Copyright © 2013 American Society for Investigative Pathology. Published by Elsevier Inc. All rights reserved.
We previously reported strain-specific susceptibility to dexamethasone-induced osteonecrosis in mice. Here we report that BALB/cJ and BALB/cAnNHsd mice display substrain-specific differences in dexamethasone-induced adverse effects. As compared with BALB/cJ mice, BALB/cAnNHsd weighed more (16.6 g compared with 13.7 g) at the beginning of dexamethasone administration on postnatal day 28 and fewer died during the dexamethasone regimen (10% compared with 50%). Although the 2 substrains had similar plasma concentrations of dexamethasone, BALB/cJ mice were more susceptible to developing dexamethasone-induced osteonecrosis. A higher dose of dexamethasone (8 mg/L) throughout the treatment period compared with a lower dose (8 mg/L loading dose during week 1 followed by 4 mg/L for the remainder of the treatment period) and earlier start of treatment (postnatal day 24 compared with postnatal day 28) was required to induce osteonecrosis with a similar frequency in BALB/cAnNHsd mice as in BALB/cJ mice. Our results show, for the first time, substrain-specific differences in the development of osteonecrosis in mice.
Radiation related effects in children and adults limit the delivery of effective radiation doses and result in long-term morbidity affecting function and quality of life. Improvements in our understanding of the etiology and biology of these effects, including the influence of clinical variables, dosimetric factors, and the underlying biological processes have made treatment safer and more efficacious. However, the approach to studying and understanding these effects differs between children and adults. Using the pulmonary and skeletal organ systems as examples, comparisons are made across the age spectrum for radiation related effects, including pneumonitis, pulmonary fibrosis, osteonecrosis, and fracture. Methods for dosimetric analysis, incorporation of imaging and biology as well a length of follow-up are compared, contrasted, and discussed for both organ systems in children and adults. Better understanding of each age specific approach and how it differs may improve our ability to study late effects of radiation across the ages.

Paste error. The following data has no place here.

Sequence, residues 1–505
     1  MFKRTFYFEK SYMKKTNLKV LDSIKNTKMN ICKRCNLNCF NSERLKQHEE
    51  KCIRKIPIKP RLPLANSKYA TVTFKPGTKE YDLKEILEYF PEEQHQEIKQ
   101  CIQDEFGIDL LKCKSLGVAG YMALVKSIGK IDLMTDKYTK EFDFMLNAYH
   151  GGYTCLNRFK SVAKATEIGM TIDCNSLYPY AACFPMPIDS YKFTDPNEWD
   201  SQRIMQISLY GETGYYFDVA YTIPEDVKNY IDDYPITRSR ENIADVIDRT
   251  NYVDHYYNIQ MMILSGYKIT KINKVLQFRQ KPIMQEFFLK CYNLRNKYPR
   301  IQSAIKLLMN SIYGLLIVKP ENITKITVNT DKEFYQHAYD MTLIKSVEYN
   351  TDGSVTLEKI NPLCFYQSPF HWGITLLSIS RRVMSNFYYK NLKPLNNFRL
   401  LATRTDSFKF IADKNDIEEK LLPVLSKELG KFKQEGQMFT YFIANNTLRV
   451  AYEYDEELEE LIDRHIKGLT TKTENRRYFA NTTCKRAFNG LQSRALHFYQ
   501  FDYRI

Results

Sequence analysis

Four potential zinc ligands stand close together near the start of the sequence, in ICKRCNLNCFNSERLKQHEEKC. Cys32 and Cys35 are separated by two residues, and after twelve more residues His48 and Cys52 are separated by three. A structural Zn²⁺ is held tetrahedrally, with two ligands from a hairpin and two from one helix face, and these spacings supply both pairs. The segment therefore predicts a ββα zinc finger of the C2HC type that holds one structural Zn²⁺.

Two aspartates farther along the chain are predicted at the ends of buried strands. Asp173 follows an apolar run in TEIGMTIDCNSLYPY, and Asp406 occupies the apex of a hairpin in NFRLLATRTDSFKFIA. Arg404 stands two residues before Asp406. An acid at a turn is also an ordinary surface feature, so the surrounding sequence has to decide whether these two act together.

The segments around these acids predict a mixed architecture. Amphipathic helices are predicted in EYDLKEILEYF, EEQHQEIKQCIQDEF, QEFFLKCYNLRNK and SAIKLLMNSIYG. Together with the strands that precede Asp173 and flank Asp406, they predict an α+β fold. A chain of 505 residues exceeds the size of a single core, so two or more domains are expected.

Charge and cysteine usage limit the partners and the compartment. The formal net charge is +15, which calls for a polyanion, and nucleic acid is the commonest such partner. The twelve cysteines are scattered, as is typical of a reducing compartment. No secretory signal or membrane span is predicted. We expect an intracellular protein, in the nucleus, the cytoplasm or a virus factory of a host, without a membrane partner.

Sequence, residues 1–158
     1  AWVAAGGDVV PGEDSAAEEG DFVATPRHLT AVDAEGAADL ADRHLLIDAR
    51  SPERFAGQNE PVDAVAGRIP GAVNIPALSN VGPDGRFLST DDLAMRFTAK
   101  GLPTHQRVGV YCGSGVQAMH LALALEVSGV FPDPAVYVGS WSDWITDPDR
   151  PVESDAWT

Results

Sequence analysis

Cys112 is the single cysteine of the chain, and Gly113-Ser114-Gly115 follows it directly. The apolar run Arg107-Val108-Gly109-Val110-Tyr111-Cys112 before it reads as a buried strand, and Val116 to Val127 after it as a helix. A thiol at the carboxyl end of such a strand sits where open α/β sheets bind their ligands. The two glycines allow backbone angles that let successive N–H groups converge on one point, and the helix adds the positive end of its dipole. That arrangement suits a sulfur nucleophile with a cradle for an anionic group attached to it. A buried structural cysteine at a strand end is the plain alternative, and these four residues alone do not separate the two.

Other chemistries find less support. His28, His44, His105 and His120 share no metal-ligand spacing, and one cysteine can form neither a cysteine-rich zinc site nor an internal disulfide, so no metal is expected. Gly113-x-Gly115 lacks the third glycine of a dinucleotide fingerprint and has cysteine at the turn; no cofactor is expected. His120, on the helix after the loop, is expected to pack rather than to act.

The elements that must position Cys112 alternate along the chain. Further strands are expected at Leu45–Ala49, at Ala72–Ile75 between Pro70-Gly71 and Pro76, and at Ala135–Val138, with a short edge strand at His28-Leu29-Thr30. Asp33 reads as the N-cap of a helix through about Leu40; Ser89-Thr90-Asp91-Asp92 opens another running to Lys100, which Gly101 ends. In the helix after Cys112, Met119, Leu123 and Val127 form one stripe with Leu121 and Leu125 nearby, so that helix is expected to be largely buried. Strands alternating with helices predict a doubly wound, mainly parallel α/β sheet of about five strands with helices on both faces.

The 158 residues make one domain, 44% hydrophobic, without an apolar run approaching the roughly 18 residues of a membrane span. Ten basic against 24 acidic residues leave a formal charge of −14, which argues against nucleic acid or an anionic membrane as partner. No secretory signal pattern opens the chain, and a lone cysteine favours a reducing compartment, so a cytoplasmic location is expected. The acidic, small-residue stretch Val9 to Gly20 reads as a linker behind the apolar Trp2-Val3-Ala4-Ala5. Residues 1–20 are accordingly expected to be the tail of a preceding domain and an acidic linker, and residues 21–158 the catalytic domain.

Glucocorticoid-induced osteonecrosis is a common and dose-limiting adverse event. The goal of this study was to establish a mouse model of glucocorticoid-induced osteonecrosis suitable for testing the effects of different treatment strategies on its frequency. Fourteen murine strains were screened using various glucocorticoids, routes of administration, and diets. Four-week-old male BALB/cJ mice were treated with oral dexamethasone for up to 12 weeks either by continuous dosing or by discontinuous dosing, with or without asparaginase. Histopathological features of the distal femurs were examined by light microscopy. Osteonecrotic lesions were characterized by empty lacunae and osteocyte ghosts in trabecular bone surrounded by necrotic marrow and edema. The incidence of dexamethasone induced osteonecrosis in BALB/cJ mice was 40-45% (4/10 or 5/11) at 12 weeks. The frequency of osteonecrosis trended lower after discontinuous compared to continuous dosing for 12 weeks (8 vs. 45%) (p = 0.06) despite comparable cumulative plasma exposure. Asparaginase hastened the occurrence of osteonecrosis, which was observed as early as 4 weeks and the incidence was 50% after 6 weeks. A mouse model of glucocorticoid-induced osteonecrosis was established. Discontinuous was less osteonecrotic than continuous dexamethasone treatment, consistent with the possible benefits of a "steroid holiday" seen in clinical settings. Moreover, asparaginase hastened osteonecrosis, indicating that drugs may interact with glucocorticoids to affect osteonecrosis risk.